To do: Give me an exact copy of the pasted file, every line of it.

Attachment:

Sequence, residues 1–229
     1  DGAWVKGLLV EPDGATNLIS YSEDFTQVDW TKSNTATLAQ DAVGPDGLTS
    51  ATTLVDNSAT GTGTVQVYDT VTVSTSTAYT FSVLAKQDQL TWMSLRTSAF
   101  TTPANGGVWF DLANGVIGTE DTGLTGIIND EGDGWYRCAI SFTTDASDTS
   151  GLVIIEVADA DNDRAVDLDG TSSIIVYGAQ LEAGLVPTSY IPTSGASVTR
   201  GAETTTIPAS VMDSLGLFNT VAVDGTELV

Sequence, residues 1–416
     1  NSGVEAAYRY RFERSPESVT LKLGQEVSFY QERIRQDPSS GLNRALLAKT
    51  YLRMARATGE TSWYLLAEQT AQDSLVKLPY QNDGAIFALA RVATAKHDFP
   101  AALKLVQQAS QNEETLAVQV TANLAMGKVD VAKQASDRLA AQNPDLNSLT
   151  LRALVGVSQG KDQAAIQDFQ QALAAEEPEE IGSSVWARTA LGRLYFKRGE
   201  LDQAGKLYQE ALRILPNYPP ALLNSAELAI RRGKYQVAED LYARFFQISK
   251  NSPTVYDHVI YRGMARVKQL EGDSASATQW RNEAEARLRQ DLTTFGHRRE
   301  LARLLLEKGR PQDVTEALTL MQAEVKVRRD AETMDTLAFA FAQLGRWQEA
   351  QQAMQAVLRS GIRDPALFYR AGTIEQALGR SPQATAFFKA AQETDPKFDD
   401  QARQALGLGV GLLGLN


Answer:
Sequence, residues 1–229
     1  DGAWVKGLLV EPDGATNLIS YSEDFTQVDW TKSNTATLAQ DAVGPDGLTS
    51  ATTLVDNSAT GTGTVQVYDT VTVSTSTAYT FSVLAKQDQL TWMSLRTSAF
   101  TTPANGGVWF DLANGVIGTE DTGLTGIIND EGDGWYRCAI SFTTDASDTS
   151  GLVIIEVADA DNDRAVDLDG TSSIIVYGAQ LEAGLVPTSY IPTSGASVTR
   201  GAETTTIPAS VMDSLGLFNT VAVDGTELV

Sequence, residues 1–416
     1  NSGVEAAYRY RFERSPESVT LKLGQEVSFY QERIRQDPSS GLNRALLAKT
    51  YLRMARATGE TSWYLLAEQT AQDSLVKLPY QNDGAIFALA RVATAKHDFP
   101  AALKLVQQAS QNEETLAVQV TANLAMGKVD VAKQASDRLA AQNPDLNSLT
   151  LRALVGVSQG KDQAAIQDFQ QALAAEEPEE IGSSVWARTA LGRLYFKRGE
   201  LDQAGKLYQE ALRILPNYPP ALLNSAELAI RRGKYQVAED LYARFFQISK
   251  NSPTVYDHVI YRGMARVKQL EGDSASATQW RNEAEARLRQ DLTTFGHRRE
   301  LARLLLEKGR PQDVTEALTL MQAEVKVRRD AETMDTLAFA FAQLGRWQEA
   351  QQAMQAVLRS GIRDPALFYR AGTIEQALGR SPQATAFFKA AQETDPKFDD
   401  QARQALGLGV GLLGLN